Communist Ghadar Party is proud to have taken a principled stand in defence of the right to conscience and in uncompromising opposition to state terrorism, right from its founding. The unity of progressive and democratic forces around this principled position has grown stronger over the past 33 years. Further strengthening this political unity in defence of the rights of all human beings and all citizens of the country is the way forward to put an end to state organized communal violence and state terror.
The 33rdanniversary of Operation Blue Star is an appropriate occasion to sum up the most important lessons learnt from the struggle against state terrorism and in defence of the right to conscience over the past three decades.
All human beings have rights by virtue of being human. All citizens of a democratic state have equal rights by virtue of being citizens. All constituents of a federal union have rights by virtue of being national constituents of a multi-national union. The State cannot give or take away human, democratic and national rights under any condition. The State is duty bound to recognize and protect all these rights.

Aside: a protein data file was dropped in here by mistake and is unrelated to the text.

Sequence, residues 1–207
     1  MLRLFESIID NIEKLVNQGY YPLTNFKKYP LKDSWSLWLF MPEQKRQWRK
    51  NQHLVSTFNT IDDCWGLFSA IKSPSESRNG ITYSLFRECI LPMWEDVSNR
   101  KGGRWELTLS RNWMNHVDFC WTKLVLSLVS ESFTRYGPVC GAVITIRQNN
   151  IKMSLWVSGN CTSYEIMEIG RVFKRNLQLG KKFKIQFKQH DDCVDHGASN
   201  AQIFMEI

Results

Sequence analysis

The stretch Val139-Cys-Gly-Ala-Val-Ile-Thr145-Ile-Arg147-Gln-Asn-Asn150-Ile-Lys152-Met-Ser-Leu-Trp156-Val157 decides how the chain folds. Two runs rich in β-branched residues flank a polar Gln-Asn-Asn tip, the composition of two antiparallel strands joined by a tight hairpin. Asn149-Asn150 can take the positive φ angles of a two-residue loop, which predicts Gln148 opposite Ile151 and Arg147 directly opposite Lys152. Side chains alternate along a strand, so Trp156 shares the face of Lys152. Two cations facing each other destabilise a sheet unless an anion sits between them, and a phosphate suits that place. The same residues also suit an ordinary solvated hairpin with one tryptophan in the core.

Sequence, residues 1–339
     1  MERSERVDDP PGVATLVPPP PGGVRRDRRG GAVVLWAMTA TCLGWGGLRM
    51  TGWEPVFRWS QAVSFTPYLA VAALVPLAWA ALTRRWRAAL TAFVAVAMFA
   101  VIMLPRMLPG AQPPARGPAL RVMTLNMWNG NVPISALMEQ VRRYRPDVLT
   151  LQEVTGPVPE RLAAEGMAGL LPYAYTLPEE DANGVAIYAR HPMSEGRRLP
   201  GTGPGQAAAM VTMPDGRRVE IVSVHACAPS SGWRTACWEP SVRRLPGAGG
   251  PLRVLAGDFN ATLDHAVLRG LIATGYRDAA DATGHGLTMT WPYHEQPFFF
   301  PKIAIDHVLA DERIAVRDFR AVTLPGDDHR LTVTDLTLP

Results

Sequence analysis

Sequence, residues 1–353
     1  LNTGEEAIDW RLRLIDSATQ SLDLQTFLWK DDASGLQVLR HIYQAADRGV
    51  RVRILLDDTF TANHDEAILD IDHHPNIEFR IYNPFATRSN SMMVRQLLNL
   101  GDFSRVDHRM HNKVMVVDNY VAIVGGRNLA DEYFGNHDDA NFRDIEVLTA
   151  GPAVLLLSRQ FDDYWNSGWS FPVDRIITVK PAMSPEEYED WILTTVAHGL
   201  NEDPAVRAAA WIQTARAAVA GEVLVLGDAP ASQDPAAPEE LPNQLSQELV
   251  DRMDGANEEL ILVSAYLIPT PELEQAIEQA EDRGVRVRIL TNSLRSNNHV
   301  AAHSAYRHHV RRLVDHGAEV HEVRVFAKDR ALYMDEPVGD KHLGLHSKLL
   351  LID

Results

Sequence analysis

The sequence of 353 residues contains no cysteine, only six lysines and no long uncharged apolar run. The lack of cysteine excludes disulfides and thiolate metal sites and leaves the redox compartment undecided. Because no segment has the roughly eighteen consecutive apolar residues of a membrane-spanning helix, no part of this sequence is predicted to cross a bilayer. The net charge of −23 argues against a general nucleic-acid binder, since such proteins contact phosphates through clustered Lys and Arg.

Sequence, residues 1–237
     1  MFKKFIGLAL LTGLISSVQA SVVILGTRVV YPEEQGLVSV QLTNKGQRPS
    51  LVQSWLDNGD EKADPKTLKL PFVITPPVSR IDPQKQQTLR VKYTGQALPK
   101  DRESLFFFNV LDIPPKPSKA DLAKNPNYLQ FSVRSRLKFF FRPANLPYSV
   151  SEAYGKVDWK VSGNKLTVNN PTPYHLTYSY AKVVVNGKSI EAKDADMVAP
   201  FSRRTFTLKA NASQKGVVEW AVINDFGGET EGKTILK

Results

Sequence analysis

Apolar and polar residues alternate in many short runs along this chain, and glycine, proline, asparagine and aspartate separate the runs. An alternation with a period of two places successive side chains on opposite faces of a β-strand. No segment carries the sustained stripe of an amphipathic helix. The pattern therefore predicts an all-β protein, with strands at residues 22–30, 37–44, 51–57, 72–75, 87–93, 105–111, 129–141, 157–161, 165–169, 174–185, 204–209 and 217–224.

It is the defence of this modern definition of rights which has provided the sound theoretical justification and strength of conviction to the struggle against state terrorism and state-sponsored communal violence.
A vital question that posed itself in the 1980s was the necessity to defend the right to conscience. If all members of society have the right to their beliefs and forms of worship, then the State is duty bound to protect that right, without exception. To accept that the State can take away someone’s right to conscience under some pretext or the other means to compromise with injustice of the highest degree. The point to note is that the existing Indian State is not only failing in its duty to protect its citizens but has itself become the perpetrator of attacks on the right to conscience,
Those who are being attacked on the basis of their religion will naturally gather in their places of worship and organize to defend themselves and their religious beliefs and practices. They have every right to do so; and that does not amount to a "communal" act. It is the State which is being communal when it interferes in religious affairs and persecutes people of a particular religion by branding them to be suspected terrorists.
A lesson worth reiterating again and again is that it is not the religious beliefs of people which lead to terrorism or communal violence. The source of the problem lies in the rule of the monopoly capitalists and the communal and colonial character of the existing State.